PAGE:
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Research Briefs

Research Briefs—Jan. 27, 2015

Is being bilingual better? A 2011 census of Canada revealed Montreal to have the highest rate of bilinguals in the country. While this figure may not come as a surprise to many, it does make Montreal the ideal candidate for demonstrating the ‘bilingual advantage.’   Evidence has shown that raising a child in a multilingual… Keep Reading

Research Briefs

Research Briefs—Nov. 18, 2014

Long-term marijuana use on the brain A study published in The Proceedings of The National Academy of Sciences last week has found that chronic—defined as three times per day over 10 years—marijuana users have a lower IQ score and smaller gray matter volume in the orbitofrontal cortex (OFC) region of the brain compared to non-users.… Keep Reading

Research Briefs

Research Briefs—Nov. 11, 2014

Neuroscience of choking under pressure The experience of choking under pressure—in an exam, at the free-throw line, or in a presentation—is a familiar one. This week a study published in The Journal of Neuroscience attempted to explain what goes on in the brain when the stakes are raised. While monitoring their brains with an MRI scanner,… Keep Reading

Research Briefs

Research Briefs—Oct. 28, 2014

Physicists transport marbles with optical tractor beam The tractor beam—a long-distance invisible attraction beam—is a legendary staple in science fiction. In real life, moving objects using only light seems absurd, if not impossible. However, in a paper published in Nature Photonics, a team of Australian and American physicists successfully transferred glass marble ten centimetres using… Keep Reading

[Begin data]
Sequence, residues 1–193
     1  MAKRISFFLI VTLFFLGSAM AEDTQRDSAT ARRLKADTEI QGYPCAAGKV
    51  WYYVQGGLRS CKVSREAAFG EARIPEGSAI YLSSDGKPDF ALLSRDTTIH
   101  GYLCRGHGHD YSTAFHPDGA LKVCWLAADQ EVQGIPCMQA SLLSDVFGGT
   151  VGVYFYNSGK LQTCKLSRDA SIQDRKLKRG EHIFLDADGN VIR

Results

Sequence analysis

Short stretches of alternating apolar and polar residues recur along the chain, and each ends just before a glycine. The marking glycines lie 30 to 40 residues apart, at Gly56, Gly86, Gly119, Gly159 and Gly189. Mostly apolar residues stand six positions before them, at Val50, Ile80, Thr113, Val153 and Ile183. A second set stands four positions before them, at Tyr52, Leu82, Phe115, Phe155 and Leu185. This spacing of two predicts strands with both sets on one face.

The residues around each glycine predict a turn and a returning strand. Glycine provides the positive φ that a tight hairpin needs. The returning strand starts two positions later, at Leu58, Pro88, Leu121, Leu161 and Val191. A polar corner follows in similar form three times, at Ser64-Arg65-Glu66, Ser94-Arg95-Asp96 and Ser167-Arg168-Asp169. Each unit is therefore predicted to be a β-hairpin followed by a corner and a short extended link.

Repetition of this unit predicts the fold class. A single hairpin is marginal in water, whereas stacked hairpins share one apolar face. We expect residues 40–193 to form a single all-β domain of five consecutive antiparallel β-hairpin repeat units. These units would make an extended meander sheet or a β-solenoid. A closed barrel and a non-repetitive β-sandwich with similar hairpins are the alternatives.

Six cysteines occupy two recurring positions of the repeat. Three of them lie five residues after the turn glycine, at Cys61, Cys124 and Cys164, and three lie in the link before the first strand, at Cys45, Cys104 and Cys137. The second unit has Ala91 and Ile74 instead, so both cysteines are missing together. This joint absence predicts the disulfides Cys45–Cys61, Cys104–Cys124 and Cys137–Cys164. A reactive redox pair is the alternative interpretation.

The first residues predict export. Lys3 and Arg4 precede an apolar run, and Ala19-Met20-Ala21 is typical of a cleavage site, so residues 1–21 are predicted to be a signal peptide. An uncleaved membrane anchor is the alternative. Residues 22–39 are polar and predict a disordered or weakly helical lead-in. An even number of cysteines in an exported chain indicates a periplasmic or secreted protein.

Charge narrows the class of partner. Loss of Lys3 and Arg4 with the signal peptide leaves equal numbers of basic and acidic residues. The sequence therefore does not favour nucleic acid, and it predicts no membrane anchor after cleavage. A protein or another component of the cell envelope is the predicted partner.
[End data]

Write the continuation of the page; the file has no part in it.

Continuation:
Research Briefs

Research Briefs—Oct. 21, 2014

Breakthrough in nuclear fission Lockheed Martin Corporation (LMC), one of the world’s largest defence contractors—in 2009 it received 7.1 per cent of the Pentagon’s total funds—has had a major breakthrough in the study on the viability of shifting to nuclear energy. Led by Tom McGuire, the team demonstrated the feasibility of building a 100-megawatt reactor measuring… Keep Reading

Research Briefs

Research Briefs—Oct. 15

Seeing is believing In a preliminary UCLA study led by eye specialist Steven Schwartz, 18 legally blind patients were given embryonic stem cells; 10 showed substantial improvements in their vision. Although the research is in its initial steps, Schwartz and other scientists believe that the embryonic stem cell treatment shows promise for future cures for… Keep Reading

Research Briefs

Research Briefs — Sept. 30

Face the truth: Mites found on human skin Microscopic eight-legged creatures make their homes in the faces of all people, a study recently published in PLOS ONE has shown. The Demodex mites are a group of hair follicle and sweat gland-dwelling species. Two different species of these mites reside on the face. The first, Demodex… Keep Reading

Research Briefs

Research Briefs

Fear not: The Dreadnoughtus The dreadnought was a type of battleship developed in the 20th century that was known for its size and speed. Keep Reading

Research Briefs

Research Briefs — Mar. 25

Drugs and Down syndrome For the past 25 years, Roger Reeves, a professor and researcher at Johns Hopkins University, has been growing brains—in particular, the cerebellum. By targeting this area of the nervous system, Reeves hopes to develop a treatment for Down syndrome, a condition caused by inheriting a third copy of chromosome 21. Down… Keep Reading

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